We are for life and creation, and we are against war and destruction, and in our rage in that terrible week, we screamed that the violence had to stop.

But we also began to do something about it besides shouting. Ciaran McKeown wrote “The Declaration of the Peace People” which in its simple words pointed along the path of true peace, and with the publication of that Declaration, we announced the founding of The Movement of the Peace People, and we began planning a series of rallies which would last four months, and through which we would mobilize hundreds of thousands of people and challenge them to take the road of the Declaration.

The words are simple but the path is not easy, as all the people ever associated with the historic Nobel Peace Prize must know. It is a path on which we must not only reject the use of all the techniques of violence, but along which we must seek out the work of peace... and do it. It is the way of dedication, hard work and courage.

Hundreds of thousands of people turned out during those four months and we would not be standing here if they had not. So I feel humble that I should be receiving this award, but I am very proud to be here in the name of all the Peace People to accept it.

I am also aware of a sense of history. I am aware of all the people who have stood here before to receive this award. We think perhaps particularly of Martin Luther King whose memory we cherish, and whose ideals and whose voice inspire us still, as they have done for so many millions of people around the world involved, actively engaged, in the nonviolent struggle for justice and peace.

Mairead and Ciaran and I had the honor to receive the Carl von Ossietsky medal in Berlin last year, from the Berlin section of the International League of Human Rights. So we have a special reason for thinking of the man who, forty-two years ago, was awarded the Nobel Peace Prize as he suffered in prison in Hitler’s Germany. He could not come here to receive the award, but what an encouragement that must have been to those so hopelessly struggling for the only right way to live, then, as now, the way of nonviolence.

As we think of Carl von Ossietsky, and those who languish in prison, we think of those now in jail in Northern Ireland, young men and women misled by tradition into violence, and whose early release into a nonviolent society we seek. And we think of men like Adolfo Perez Esquivel, imprisoned without trial in Argentina, we think of so many similarly incarcerated throughout the world, whose only “crime” is their unswerving dedication to create just relationships by nonviolent methods throughout the human family. So we think of ourselves as standing in an historic line from the past, and we think of ourselves, all of us, as living at a great moment of opportunity... and danger... in human history.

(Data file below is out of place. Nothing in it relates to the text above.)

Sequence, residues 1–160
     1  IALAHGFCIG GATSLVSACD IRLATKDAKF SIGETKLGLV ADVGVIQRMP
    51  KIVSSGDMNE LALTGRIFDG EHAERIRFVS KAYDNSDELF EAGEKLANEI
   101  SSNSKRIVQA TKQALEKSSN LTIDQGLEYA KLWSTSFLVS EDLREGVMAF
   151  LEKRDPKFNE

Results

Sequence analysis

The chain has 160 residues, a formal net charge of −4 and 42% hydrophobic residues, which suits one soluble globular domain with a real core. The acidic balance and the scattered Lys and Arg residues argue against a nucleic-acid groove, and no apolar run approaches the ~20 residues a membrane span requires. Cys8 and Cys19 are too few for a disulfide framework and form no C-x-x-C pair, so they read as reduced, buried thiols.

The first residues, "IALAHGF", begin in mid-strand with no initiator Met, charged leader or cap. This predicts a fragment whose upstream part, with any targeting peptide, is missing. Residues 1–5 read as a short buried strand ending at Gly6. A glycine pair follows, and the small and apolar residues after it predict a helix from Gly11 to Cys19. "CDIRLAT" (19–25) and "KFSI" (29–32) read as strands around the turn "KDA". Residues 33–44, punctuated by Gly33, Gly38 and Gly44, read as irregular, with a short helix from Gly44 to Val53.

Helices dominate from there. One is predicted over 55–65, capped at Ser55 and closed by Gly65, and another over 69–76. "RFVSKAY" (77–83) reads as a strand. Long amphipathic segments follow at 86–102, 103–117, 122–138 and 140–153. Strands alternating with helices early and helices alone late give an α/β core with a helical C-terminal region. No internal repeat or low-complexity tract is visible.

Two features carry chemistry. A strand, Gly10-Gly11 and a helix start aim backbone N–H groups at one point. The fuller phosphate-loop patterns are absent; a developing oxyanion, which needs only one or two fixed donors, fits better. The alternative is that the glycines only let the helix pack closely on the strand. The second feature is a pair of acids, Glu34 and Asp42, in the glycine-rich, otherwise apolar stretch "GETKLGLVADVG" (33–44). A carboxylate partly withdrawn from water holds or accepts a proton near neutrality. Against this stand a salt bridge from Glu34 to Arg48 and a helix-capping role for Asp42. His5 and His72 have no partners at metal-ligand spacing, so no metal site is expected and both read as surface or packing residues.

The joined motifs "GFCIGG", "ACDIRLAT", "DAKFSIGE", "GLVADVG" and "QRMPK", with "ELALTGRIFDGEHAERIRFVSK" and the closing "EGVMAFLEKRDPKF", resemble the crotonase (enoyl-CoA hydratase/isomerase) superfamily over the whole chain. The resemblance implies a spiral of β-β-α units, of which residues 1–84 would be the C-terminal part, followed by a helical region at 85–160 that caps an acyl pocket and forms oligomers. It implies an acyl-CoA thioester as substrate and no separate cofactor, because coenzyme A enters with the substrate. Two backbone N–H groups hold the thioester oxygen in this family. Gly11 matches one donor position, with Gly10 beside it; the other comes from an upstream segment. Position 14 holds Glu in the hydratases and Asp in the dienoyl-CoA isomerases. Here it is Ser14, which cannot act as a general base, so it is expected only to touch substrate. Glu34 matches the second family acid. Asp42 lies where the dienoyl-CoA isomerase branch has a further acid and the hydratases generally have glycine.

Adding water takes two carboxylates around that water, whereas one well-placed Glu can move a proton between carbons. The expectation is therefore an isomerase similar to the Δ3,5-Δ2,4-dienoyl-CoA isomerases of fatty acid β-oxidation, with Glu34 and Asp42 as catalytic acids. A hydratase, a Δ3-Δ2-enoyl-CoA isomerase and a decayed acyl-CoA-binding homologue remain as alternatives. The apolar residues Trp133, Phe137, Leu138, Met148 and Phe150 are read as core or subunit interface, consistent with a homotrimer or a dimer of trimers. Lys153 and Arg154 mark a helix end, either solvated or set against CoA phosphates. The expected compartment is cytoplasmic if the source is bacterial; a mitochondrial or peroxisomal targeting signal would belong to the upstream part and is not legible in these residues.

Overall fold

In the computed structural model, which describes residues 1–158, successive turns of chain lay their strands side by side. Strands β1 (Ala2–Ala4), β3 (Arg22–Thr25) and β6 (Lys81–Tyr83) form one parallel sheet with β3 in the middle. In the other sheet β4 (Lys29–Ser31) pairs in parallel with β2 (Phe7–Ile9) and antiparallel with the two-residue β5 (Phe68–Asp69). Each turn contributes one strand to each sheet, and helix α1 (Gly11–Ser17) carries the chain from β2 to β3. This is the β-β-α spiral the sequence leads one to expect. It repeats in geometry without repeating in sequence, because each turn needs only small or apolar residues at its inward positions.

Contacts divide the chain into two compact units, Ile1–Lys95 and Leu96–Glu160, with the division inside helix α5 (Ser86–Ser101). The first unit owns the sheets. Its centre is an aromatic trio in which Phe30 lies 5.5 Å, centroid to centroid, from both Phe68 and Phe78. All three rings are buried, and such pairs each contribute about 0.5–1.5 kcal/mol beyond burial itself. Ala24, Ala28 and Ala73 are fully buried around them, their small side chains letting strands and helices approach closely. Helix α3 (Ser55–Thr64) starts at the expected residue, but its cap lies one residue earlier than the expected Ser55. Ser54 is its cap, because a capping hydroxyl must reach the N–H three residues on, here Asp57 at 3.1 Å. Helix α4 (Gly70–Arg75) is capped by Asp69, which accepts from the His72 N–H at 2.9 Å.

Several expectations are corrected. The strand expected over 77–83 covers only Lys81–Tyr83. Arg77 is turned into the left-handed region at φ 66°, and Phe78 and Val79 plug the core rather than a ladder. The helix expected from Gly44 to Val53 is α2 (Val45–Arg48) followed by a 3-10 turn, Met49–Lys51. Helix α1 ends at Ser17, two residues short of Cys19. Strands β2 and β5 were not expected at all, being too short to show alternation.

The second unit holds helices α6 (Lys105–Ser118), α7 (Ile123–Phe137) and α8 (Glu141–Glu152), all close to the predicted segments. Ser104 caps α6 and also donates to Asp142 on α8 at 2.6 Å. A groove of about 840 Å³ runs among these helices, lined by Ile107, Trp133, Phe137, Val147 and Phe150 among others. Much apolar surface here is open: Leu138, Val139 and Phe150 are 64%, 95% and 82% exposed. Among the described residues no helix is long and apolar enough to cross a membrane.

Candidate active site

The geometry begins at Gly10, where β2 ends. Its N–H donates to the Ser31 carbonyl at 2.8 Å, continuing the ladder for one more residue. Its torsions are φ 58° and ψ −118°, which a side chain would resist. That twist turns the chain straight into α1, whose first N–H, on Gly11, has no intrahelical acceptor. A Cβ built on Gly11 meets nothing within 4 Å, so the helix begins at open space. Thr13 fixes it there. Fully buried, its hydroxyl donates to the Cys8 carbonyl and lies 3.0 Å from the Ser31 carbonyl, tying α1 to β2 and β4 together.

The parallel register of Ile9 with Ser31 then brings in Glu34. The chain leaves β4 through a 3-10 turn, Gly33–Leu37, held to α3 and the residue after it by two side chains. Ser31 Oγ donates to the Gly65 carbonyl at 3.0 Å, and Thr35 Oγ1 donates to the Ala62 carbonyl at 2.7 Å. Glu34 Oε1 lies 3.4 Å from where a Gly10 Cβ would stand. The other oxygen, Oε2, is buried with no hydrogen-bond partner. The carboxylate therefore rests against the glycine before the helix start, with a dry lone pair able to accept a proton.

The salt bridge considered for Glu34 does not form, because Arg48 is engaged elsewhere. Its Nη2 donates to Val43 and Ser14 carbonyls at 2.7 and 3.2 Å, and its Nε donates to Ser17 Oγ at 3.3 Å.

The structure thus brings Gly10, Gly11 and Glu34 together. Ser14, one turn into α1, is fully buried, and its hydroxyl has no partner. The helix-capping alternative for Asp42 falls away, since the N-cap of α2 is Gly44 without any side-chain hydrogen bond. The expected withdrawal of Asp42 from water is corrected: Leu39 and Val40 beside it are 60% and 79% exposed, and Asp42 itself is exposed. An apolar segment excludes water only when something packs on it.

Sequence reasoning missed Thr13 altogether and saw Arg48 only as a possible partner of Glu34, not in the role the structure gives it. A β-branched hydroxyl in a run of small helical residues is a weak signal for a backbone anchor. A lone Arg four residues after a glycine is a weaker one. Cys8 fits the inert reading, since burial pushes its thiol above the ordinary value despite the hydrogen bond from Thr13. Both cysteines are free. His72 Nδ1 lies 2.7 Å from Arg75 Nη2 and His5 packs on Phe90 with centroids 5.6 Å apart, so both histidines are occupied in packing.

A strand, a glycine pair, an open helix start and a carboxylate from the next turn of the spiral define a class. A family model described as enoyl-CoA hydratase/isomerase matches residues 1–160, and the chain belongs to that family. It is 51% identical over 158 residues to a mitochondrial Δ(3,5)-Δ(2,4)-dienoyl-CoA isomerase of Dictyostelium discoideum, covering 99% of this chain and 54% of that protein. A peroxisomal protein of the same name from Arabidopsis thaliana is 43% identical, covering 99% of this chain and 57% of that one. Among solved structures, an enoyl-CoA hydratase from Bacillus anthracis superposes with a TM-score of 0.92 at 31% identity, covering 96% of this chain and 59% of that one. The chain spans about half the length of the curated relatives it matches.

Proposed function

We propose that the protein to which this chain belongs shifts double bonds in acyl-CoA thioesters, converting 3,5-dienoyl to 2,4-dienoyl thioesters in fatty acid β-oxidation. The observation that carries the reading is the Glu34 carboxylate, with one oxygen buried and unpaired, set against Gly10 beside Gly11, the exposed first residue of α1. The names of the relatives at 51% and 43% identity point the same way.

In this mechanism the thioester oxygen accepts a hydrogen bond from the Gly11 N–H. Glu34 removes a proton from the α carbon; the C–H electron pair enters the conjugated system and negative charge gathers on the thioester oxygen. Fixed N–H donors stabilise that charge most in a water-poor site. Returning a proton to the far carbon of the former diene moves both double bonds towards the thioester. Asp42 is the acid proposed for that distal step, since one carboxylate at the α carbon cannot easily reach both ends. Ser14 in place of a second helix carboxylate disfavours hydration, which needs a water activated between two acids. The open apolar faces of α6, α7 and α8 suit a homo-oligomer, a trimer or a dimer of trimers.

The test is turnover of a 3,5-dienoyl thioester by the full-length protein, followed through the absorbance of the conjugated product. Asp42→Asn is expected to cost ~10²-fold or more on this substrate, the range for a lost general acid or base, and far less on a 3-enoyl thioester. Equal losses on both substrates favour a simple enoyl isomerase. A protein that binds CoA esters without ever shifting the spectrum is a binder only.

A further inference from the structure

And with that sense of history, we feel a special sense of honor... honor for women, perhaps a little specially at this time. War has traditionally been a man’s work, although we know that often women were the cause of violence. But the voice of women, the voice of those most closely involved in bringing forth new life, has not always been listened to when it pleaded and implored against the waste of life in war after war. The voice of women has a special role and a special soul force in the struggle for a nonviolent world. We do not wish to replace religious sectarianism, or ideological division with sexism or any kind of militant feminism. But we do believe, as Ciaran McKeown who is with us in spirit, believes, that women have a leading role to play in this great struggle.

So we are honored, in the name of all women, that women have been honored especially for their part in leading a nonviolent movement for a just and peaceful society. Compassion is more important than intellect, in calling forth the love that the work of peace needs, and intuition can often be a far more powerful searchlight than cold reason. We have to think, and think hard, but if we do not have compassion before we even start thinking, then we are quite likely to start fighting over theories. The whole world is divided ideologically, and theologically, right and left, and men are prepared to fight over their ideological differences. Yet the whole human family can be united by compassion. And, as Ciaran said recently in Israel, “compassion recognizes human rights automatically... it does not need a charter.”